In some ways, this distorted pundit-led discussion is an example of what can usefully be called an insta-consensus. On election night, shocked analysts were casting about for a story to tell, and Trump's bigoted campaign rhetoric all but begged for that story to be about angry white voters. Everyone was being sensitive not to call the white Trump voters themselves bigots, so this had to be spun as a story about misunderstood downscale white people.
This kind of distorted insta-consensus is actually all too common. Perhaps the most dramatic example is the completely false narrative that emerged after the mass shooting at Columbine High School in 1999. The entire story that was told about that horrific event -- a "trench-coat" mafia of goth-obsessed kids wreaking revenge on the popular jocks who had tormented them -- turned out to be utterly false. Yes, I was surprised, too.
Although that example is extreme, the 2016 election post mortem is in its own way just as misguided.
Because so many liberals are willing to believe the negative stereotypes that they hear about themselves -- "Well, gee, I really don't like tractor pulls, and I do laugh at candidates in the Iowa caucuses when they eat fried cheese" -- I strongly suspect that this new narrative is a peculiar form of penance for people who deep down are ashamed when Sarah Palin describes other places as "the real America."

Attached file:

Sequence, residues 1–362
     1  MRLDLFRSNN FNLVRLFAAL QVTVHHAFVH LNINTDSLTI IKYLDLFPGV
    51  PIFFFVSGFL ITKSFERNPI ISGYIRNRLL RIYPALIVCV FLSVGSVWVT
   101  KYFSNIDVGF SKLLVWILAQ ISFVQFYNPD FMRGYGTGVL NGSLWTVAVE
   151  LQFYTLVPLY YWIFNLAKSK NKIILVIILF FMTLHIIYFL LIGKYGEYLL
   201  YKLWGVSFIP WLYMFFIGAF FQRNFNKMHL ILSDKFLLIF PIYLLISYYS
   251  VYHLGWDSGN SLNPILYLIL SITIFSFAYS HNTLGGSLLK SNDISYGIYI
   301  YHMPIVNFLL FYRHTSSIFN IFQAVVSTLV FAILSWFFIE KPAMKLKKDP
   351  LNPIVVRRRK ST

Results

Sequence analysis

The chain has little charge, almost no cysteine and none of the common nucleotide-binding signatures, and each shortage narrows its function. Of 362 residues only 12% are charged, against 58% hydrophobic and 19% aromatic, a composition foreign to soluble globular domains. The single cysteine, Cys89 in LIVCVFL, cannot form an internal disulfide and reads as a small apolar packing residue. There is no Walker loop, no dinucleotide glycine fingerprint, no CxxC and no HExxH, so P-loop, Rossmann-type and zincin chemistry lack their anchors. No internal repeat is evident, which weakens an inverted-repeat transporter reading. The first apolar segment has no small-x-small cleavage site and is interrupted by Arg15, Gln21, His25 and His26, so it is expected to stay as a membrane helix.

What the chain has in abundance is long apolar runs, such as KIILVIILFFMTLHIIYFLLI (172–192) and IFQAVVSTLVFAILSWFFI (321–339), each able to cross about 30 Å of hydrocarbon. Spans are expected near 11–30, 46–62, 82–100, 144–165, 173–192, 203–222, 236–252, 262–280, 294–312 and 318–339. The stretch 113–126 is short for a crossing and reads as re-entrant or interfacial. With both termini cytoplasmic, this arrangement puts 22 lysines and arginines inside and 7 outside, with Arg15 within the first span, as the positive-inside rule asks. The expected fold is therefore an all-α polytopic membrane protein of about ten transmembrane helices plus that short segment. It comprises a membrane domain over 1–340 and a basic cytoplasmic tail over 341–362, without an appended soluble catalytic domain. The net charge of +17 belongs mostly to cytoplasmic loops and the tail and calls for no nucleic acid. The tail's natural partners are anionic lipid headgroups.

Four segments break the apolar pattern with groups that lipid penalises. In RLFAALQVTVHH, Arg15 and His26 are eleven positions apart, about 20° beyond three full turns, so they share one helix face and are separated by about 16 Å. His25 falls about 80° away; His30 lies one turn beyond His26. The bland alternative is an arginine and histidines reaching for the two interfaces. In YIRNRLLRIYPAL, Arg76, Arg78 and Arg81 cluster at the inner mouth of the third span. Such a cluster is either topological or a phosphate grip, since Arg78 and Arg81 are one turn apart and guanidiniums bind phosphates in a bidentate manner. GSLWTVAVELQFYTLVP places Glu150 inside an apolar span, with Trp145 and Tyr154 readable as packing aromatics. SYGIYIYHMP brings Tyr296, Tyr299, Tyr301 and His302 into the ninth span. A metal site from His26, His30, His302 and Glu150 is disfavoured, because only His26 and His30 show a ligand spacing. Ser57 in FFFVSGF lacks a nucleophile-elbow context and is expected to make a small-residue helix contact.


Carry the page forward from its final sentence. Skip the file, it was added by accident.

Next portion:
I recently read a long article by the journalist George Packer in The New Yorker , which was published a week before the election. It is a fascinating read, in part because it shows that whatever else one might say about Hillary Clinton, she was keenly aware of the populist rumblings among working class voters and was actually quite focused on winning them over.
Packer's piece is not without its weaknesses. Any journalistic effort that actually takes Thomas Friedman and Charles Murray seriously as thinkers is not on strong ground, after all. In any event, Packer focuses on the idea that the white voters who were drawn to Trump were understandably angry with supposed liberal elites.
Packer quotes Murray:
The energy coming out of the new lower class really only needed a voice, because they are so pissed off at people like you and me. We so obviously despise them, we so obviously condescend to them—'flyover country.'
And there it is again, the supposed condescension and disdain that Trump's voters are now thought to have been rebelling against. The problem is that all of this solicitude for the feelings of Trump's voters is itself insulting, condescending and disdainful. One can imagine Murray and Packer whispering: "Shhhh. Don't say anything bad about them, because they hate that. They're very sensitive !"